This is the second installment of an online series highlighting work by Black authors published in The Common. To read The Common’s statement in support of the nationwide protests against anti-Black racism, white supremacy, and police brutality, click here.
Folks, it’s September. Time to stow away that summer beach read and pull out the award-winning tome that’s going to get you noticed by the cute grad student in the coffee shop. This month, read about starkly different economic and cultural worlds existing side by side. As the poor and the rich, the colonizer and the native shift uneasily along slippery fault lines, these recommendations offer brutal looks at friction between and within communities. Harrowing and insightful, you’ll be so engrossed you won’t even notice the number written on your to-go cup.
Portland was vibrant, despite its mistiness; always threatening to rain, but never truly downpouring. G. and I walked up and down Fore Street, looking for the restaurant by the same name, trying not to look too much like lost tourists. We had escaped to Portland in search of good food, which was always a comfort to us and which we needed now more than ever. Finishing our undergraduate degrees a few weeks earlier had left us feeling more somber and empty than excited. After days of enduring many heartfelt goodbyes from friends we knew we’d never see again and lengthy advice from proud, overbearing relatives, we were aching to get away from it all; to distract ourselves from the constant reminders that a chapter in our lives was closing forever.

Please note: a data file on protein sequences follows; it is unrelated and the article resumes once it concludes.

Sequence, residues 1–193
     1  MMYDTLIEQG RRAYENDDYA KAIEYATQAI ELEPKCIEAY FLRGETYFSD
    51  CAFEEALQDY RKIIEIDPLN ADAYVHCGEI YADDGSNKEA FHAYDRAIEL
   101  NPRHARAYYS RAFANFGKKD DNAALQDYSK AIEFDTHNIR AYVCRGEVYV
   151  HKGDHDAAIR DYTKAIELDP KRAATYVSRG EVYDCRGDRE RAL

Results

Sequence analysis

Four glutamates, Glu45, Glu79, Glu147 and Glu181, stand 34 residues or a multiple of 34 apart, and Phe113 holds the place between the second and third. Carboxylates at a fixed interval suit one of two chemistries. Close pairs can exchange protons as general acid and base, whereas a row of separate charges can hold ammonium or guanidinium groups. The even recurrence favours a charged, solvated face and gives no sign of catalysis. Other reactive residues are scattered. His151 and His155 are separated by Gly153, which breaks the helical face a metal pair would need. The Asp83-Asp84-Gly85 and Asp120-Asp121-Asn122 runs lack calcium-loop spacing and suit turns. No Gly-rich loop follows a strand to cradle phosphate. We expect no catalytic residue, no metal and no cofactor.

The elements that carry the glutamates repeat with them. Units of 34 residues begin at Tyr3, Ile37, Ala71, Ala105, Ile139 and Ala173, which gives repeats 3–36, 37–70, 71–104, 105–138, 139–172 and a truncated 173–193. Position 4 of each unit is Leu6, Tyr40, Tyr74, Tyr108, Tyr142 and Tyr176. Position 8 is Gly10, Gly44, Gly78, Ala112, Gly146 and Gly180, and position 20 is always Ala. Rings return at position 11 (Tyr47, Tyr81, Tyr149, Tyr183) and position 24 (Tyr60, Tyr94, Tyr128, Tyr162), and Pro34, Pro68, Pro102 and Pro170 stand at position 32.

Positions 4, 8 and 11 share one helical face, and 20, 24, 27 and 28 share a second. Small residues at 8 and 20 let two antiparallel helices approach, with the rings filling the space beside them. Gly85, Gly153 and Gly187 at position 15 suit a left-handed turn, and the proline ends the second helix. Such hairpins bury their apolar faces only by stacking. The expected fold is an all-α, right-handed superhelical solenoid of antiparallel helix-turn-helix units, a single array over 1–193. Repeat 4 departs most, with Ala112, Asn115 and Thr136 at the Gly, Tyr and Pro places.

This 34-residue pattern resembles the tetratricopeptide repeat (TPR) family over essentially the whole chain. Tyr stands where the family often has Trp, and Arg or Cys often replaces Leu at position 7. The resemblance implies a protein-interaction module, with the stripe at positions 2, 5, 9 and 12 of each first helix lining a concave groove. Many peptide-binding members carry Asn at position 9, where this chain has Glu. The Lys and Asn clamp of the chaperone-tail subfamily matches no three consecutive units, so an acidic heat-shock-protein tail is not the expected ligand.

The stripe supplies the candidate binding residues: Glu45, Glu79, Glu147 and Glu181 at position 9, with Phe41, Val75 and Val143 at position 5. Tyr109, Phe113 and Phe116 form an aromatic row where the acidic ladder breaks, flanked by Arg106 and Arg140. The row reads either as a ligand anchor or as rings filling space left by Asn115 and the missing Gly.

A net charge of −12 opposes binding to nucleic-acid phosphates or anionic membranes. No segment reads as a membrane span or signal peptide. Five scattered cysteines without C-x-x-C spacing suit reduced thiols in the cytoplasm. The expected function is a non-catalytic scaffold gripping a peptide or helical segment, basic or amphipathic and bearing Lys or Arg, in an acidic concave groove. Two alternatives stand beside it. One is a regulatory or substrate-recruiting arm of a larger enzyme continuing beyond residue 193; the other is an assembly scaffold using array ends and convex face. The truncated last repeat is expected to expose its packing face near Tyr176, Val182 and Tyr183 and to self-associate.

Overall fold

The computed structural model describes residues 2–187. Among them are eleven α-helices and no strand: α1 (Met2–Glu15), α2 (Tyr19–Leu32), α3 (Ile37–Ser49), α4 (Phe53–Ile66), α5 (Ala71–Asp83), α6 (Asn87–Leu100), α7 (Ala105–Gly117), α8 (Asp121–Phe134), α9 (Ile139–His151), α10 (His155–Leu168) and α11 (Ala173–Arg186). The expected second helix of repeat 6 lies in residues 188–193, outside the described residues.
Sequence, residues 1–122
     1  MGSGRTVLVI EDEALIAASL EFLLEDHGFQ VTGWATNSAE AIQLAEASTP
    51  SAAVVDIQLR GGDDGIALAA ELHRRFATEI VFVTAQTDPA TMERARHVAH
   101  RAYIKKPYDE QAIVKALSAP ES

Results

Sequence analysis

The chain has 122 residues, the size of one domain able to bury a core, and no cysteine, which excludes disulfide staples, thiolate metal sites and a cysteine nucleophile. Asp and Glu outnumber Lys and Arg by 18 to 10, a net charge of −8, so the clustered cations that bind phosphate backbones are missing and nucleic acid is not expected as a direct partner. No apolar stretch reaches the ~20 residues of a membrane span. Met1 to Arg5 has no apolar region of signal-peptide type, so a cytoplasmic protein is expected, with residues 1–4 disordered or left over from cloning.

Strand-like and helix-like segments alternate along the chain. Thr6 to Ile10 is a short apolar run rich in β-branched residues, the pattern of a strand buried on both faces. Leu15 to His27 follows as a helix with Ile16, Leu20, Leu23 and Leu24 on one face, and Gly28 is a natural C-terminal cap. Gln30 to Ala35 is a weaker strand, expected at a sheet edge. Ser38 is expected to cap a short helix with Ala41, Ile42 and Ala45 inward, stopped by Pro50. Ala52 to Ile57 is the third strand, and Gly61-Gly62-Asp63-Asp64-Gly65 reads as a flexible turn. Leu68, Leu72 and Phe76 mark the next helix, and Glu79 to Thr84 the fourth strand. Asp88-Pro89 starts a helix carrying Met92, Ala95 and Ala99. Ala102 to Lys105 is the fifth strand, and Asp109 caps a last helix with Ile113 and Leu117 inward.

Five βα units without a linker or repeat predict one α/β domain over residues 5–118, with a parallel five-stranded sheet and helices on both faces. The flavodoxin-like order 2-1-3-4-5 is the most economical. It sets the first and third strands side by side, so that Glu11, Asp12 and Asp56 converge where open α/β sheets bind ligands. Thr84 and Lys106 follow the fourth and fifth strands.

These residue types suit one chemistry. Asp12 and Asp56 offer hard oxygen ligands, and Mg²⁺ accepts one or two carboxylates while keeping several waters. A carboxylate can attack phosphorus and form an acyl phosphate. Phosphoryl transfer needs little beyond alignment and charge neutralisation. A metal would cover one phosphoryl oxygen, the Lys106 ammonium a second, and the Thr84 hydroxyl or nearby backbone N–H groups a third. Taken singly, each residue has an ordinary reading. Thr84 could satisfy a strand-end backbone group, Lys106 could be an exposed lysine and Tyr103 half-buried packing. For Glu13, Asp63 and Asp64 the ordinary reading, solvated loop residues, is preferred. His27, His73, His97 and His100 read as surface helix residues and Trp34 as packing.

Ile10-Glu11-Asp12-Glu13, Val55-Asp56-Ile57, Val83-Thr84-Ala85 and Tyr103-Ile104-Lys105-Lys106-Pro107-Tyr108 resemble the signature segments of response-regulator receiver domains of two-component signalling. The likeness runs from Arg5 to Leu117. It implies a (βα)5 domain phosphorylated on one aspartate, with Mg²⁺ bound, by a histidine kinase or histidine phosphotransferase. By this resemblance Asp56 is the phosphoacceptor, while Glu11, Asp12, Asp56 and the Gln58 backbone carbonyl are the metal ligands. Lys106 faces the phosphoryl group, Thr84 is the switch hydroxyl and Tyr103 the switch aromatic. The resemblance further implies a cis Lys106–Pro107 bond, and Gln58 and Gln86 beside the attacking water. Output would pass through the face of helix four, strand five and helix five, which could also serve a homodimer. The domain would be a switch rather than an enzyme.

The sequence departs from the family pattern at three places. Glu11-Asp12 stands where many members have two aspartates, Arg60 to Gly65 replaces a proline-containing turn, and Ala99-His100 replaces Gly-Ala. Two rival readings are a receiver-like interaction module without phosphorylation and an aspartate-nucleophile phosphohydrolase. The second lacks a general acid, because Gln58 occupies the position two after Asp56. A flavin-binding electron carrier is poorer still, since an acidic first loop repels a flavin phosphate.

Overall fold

Photography, science, geo-politics, instruction manuals, and a good Springsteen song—this month we’re reading works of literature with foundations in other art forms. We’re also recommending a memoir, flash fiction, linked short stories, a novel, and a poetry collection—the greatest genre spread of any Friday Reads installment since the feature’s inception. So this June, as we move into summer at last, join us at The Common in trying something new, something varied, something complex. Spice up your reading list and genre-bend your life!
Hold Still by Sally Mann, A Manual for Cleaning Women by Lucia Berlin, The Spark and the Drive by Wayne Harrison, Barefoot Dogs by Antonio Ruiz-Camacho, Itself by Rae Armantrout.
With the arrival of spring we’re leaping bravely into unfamiliar worlds—safe in the hands of experts, of course. An eerie peripheral dreamscape; quotidian life viewed from upside down or inside out, never as expected; the dark bureaucracy of the criminal underground; messages ferried to and from ghosts—these are unmapped terrains, and what better companions than these authors, their first cartographers? Expand your world(s) this month with these suggestions from our contributors and staff.
Bone Map: Poems by Sara Eliza Johnson, Aimless Love: New and Selected Poems by Billy Collins, Blood and Money by Thomas Thompson, Self-Portrait in Greenby Marie NDiaye, Elegies for the Brokenhearted: A Novelby Christie Hodgen.
Today we celebrate the publication of Tess Taylor’s The Forage House with two new poems from her debut collection (“Official History”, “Southampton County Will 1745”), complete with audio recordings. In the following interview with Diana Babineau, Taylor talks about personal ancestry, American roots, and slavery, as she attempts to uncover what remains of a broken past.